Few of us are probably aware that sixty percent of emerging infectious diseases, such as Zika, Malaria, or the CoVID-19 are zoomorphic, and have long been suspected to go hand in hand with biodiversity depletion and land-use change, including deforestation. This in-depth article published over on National Geographic is a passionate read covering the link between deforestation and viruses. At the same time, we regularly witness bold statements on how vegetarians and vegans are responsible for global warming through deforestation, because of their tofu consumption. So we can’t help but wonder, is tofu consumed by humans really accountable for man-made forest depletion?
The link between tofu, livestock and deforestation
Tofu is made from soy beans. The overall popularity of soy beans comes from their high protein level and their abundance of oil—more than any other legume. Therefore, soy beans are an excellent food supply for livestock and a significant source for vegetable oils and biofuels.
The strongest driver of soy production remains animal feed with low-grade soy bean demand predicted to keep increasing, well before biodiesel production. However only 6% of soy beans are used for human consumption. As a matter of fact, healthy food-grade soy beans demand is steady, and projected to be likewise over the next few years.
Consequently, improving yield production has not been sufficient to keep up with demand for livestock and biofuels over the years; so most of that demand was met by expanding soy bean cultivation in new areas, such as tropical forests. For that reason, according to the UCSUSA soy bean production is one of the four major drivers of widespread deforestation, responsible for global warming, and the displacement of small farmers and indigenous communities over the planet. In addition, soy beans are one of the top three GMO crops in the US, the main producer in the world; Brazil and Argentina ranking respectively second and third. In these Latin American countries, the harmful consequences of large scale industrial soy production are global.
Critical issues started twenty years ago with tropical forest soils becoming viable for soy bean crop, granted by advances in farming methods and different crop varieties—making possible the soy bean growth in tropical conditions. Large areas from the Amazonian forest were targeted to source new land for soy bean production. That was until public outrage raised in the early 2000s, leading to the transnational Amazon Soy Moratorium—a direct ban of soy conversion in the Amazon forest after 2006. And while successful regarding conservation, this agreement, unfortunately, does not cover the entire biome of the Amazonia. Nowadays, other regions far from the lush jungle are victims of deforestation. Major carbon reservoirs from the Gran Chaco in Argentina to the Cerrado in Brazil, along with areas in Paraguay and Bolivia, where environmental protections and regulations are fewer than in Brazil. This mass deforestation releases millions of tonnes of greenhouse gas into the atmosphere, accelerating global warming and so climate change. Led by the trade group The Roundtable on Responsible Soy, a movement is pushing to set higher-than-market standards for the production of soy. However, as of 2013, these efforts only covered about 1% of Brazil’s total production.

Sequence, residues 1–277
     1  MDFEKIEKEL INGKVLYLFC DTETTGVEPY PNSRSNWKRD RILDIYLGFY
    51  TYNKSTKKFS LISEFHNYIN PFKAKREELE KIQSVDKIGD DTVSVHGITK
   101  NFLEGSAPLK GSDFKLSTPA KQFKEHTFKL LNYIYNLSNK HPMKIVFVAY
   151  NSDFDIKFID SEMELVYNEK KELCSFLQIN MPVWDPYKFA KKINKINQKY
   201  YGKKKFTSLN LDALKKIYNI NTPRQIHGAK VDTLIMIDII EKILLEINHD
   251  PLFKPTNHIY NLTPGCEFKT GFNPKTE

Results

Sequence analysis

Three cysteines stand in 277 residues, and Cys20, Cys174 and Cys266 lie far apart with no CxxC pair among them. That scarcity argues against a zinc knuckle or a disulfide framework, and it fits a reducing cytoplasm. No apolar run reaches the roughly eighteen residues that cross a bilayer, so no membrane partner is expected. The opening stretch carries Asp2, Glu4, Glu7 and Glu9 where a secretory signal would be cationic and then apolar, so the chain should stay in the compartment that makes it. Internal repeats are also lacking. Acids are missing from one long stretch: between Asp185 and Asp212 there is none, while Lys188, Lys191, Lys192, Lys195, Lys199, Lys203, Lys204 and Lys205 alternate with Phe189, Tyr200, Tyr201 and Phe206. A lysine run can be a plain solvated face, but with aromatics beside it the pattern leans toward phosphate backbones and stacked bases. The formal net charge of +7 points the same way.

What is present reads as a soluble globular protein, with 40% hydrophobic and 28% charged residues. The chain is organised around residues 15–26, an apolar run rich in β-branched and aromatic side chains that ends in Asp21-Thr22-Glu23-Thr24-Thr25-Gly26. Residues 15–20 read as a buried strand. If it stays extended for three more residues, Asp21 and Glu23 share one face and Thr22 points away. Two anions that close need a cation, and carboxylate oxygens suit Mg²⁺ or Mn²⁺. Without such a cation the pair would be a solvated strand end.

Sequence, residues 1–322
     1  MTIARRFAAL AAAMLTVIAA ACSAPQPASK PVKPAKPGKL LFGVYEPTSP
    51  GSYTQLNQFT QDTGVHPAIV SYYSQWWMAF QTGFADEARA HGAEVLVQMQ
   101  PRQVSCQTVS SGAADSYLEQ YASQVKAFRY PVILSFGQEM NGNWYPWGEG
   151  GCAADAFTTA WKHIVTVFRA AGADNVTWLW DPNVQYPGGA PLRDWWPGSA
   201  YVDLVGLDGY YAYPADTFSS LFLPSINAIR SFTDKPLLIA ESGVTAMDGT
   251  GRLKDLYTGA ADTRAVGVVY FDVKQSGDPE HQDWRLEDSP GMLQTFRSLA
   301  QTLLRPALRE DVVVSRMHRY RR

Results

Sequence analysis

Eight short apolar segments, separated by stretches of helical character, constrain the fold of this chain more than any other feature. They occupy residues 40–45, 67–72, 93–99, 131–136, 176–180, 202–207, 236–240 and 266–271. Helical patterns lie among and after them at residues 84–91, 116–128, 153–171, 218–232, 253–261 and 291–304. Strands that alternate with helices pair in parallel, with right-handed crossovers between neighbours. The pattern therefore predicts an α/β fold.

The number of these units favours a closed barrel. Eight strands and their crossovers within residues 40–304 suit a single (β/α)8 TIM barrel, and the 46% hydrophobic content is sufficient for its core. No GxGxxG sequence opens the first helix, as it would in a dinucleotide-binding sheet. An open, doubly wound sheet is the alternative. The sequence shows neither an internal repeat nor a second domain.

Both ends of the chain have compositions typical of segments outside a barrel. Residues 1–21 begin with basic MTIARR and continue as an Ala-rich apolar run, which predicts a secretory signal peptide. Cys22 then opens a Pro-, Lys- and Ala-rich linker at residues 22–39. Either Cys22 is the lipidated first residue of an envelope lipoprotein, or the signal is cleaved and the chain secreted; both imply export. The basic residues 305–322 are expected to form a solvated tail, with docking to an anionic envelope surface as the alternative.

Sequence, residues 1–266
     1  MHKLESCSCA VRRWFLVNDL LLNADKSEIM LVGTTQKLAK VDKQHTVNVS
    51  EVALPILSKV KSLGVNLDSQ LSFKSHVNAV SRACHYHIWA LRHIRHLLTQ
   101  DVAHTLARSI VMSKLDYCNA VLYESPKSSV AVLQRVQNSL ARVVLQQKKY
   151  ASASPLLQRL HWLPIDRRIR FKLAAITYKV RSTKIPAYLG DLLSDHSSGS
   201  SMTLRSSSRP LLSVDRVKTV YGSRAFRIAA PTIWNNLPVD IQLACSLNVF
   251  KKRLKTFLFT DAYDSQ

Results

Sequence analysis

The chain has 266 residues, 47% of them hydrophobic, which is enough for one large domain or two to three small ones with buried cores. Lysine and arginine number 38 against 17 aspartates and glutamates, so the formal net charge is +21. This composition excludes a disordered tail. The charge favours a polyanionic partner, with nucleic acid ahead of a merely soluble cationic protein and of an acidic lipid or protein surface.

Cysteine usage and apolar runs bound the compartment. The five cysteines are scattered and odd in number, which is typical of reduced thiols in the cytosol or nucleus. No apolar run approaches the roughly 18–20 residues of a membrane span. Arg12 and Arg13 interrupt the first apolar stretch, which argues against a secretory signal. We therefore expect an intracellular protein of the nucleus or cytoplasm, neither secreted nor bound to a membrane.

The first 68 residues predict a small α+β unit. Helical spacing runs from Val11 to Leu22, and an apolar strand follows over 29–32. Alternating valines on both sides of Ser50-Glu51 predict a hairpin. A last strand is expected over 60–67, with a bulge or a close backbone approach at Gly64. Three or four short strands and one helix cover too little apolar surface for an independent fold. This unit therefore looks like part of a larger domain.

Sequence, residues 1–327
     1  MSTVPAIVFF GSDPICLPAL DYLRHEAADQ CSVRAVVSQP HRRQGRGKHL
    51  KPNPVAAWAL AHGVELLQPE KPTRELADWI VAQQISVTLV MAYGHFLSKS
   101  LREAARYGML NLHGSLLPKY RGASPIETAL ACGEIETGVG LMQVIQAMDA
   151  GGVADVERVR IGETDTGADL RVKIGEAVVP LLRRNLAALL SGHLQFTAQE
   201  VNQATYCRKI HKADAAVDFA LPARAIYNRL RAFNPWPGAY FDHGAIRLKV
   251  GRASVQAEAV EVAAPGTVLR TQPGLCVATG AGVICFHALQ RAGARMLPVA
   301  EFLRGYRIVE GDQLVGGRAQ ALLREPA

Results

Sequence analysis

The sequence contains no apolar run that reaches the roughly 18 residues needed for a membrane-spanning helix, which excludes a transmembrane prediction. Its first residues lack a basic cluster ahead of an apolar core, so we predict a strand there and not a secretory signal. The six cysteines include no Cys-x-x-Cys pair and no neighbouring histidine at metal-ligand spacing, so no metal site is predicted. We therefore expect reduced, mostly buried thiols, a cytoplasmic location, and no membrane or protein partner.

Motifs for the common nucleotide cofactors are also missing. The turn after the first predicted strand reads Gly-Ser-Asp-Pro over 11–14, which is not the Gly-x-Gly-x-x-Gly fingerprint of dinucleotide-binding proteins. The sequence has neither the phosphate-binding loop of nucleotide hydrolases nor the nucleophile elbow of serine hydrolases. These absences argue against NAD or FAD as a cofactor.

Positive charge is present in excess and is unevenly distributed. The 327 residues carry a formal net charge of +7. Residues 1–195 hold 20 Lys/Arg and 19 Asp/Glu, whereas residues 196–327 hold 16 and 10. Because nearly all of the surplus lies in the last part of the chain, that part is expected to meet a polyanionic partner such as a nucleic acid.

So what can we do about that? To begin with, challenge the public’s perception of soy—end conversations holding vegetarians and vegans responsible for global warming because of their tofu consumption. Quite the opposite, soy bean production shaped for the livestock industry is what makes soy a controversial crop. Otherwise, as someone following a plant-based diet, the few things you can take responsibility for is your soy consumption. After animal product intake, there are two other important points to be vigilant about. First is how your soy is processed, always choose organic soy beans instead of conventional or natural to avoid the risk of soy bean production processes involving petrochemical solvent. Then be aware of where manufacturers source their soy beans, checking it is GMO-free, not extracted from rainforest regions, part of a crop-rotation system, and as local as possible. In New Zealand, this remains challenging, if not impossible. Focusing on the aspects of where your food comes from or how it has been transformed plays an essential role in reducing climate change effects. At the end of the day, caring about your food is caring for the environment.